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Social enterprises crucial for health cover success

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Kenya is making commendable progress in the push to attain universal health coverage (UHC).

UHC is about financial protection and equity in access to quality health services that address the most significant causes of disease and death.

A pointer to the progress Kenya is making in UHC is increased National Hospital Insurance Fund (NHIF) enrollment. In 2018, for example, NHIF membership rose by 23 per cent to 7.7 million, with most of the new members coming from the informal sector.

Kenya National Bureau of Statistics data further shows that payouts by the national insurer increased by an impressive 41.4 per cent to Sh37.2 billion last year.

What this means is that there is a Jua Kali operator or mama mboga somewhere who would have previously been forced to sell household items to get treatment but is now able to access the treatment without financial strain.

To sustain this momentum, the government is setting aside Sh47.8 billion for UHC in the 2018/19 budget—more than half of the approximately Sh90 billion allocated to healthcare. Although UHC accounts for more than 50 per cent of the entire national healthcare budget, there is still a huge gap in terms of funding.

It is key to reiterate that UHC is not only about boosting insurance cover, but also ensuring access to quality services. Access, quality and financing of healthcare — the three key pillars of UHC — collectively require tremendous investment and expertise, which the public sector cannot provide alone.

Historically, this funding and technical skills gap has been bridged by donors. However, this is coming to an end. Today, due to demands for accountability as well as creeping nationalism in donor countries, donors are only willing to invest in programmes that can sustain themselves. In other words, there is a shift from aid led to enterprise-led development.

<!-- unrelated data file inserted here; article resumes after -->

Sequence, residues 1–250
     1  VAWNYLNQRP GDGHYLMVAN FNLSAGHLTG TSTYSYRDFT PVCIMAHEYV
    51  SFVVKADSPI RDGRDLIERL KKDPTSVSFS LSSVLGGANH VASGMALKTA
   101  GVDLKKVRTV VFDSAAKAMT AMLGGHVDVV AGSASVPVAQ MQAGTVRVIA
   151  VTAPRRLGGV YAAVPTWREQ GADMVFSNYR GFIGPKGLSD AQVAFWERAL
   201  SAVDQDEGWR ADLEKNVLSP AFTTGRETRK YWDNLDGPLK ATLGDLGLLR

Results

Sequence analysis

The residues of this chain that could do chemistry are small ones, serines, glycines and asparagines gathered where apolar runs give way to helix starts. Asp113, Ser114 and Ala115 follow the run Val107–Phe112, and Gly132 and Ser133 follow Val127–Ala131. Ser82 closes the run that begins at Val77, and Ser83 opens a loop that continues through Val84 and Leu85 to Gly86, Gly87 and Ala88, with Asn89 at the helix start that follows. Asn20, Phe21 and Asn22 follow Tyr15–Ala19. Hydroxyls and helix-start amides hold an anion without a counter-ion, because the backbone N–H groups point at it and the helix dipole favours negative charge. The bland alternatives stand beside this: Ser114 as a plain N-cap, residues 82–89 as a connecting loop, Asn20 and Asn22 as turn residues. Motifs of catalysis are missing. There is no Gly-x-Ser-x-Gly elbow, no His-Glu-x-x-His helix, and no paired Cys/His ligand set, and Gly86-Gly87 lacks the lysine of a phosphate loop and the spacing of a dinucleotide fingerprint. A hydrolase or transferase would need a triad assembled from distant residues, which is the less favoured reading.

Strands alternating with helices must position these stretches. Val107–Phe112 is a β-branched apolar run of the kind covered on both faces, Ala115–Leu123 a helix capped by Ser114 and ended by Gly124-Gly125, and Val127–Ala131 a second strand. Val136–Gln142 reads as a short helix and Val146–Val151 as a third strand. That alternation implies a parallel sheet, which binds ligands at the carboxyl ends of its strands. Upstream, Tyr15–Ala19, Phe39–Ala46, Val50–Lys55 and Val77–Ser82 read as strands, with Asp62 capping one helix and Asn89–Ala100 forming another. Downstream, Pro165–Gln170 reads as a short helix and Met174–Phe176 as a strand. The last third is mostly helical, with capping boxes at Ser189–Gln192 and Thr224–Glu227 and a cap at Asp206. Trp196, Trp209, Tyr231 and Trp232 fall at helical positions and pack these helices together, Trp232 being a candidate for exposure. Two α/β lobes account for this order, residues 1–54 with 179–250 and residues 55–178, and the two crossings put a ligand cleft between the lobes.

This has set the stage for the growth of social enterprises. These are basically organisations that combine their primary goal of driving positive social change with the efficiencies and profit-orientation of private sector. However, unlike fully-fledged capitalist businesses, profits generated in a social enterprise are not distributed to directors or shareholders but re-invested in scaling up solutions in order to achieve greater impact.

In Kenya, social enterprises can play a unique role in accelerating the attainment of UHC.

First, the increased public funding for UHC provides a powerful form of risk underwriting for private sector players keen on providing healthcare solutions. This is critical as very often private investors are unwilling to spend in areas where government support in the form of funding, policy and regulation is doubtful or lacking.

Second, Kenya has made considerable steps in advancing the ICT sector. In fact, ICT is currently the fastest growing sector of the economy, having grown 11.4 per cent last year. ICT is important when talking about private investment in healthcare because new technologies allow healthcare providers to scale solutions at a fraction of the cost while not compromising quality.

Also Read Interview With Sanne Steemers, A Dutch Chocolate Entrepreneur Connecting Europe And Africa

Third, more Kenyans are embracing entrepreneurship. Entrepreneurship is not about avoiding problems, but confronting them and getting rewarded for solving them. Fewer bigger problems exist in Kenya, and indeed Africa, than lack of access to quality and affordable healthcare.

In fact, Ministry of Health data indicates that the leading reason why Kenyans slide into poverty is medical bills.

Entrepreneurship lends itself well to solving the challenges in healthcare. The good news is that social enterprises provide room for entrepreneurs to solve problems, get rewarded, but still drive social impact. Scottish economist, Adam Smith, famously said, “It is not from the benevolence of the butcher, the brewer, or the baker that we expect our dinner, but from their regard to their own interest”.

When people are motivated to make money, they find a solution. When people are motivated to make money and transform lives, they find a lasting solution. The latter is what social enterprising is all about and why it is key in accelerating attainment of UHC in Kenya.

 

Credit Peter Waiganjo

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Kasha Global Inc. secures $1 Million DFC equity investment to grow and scale across East Africa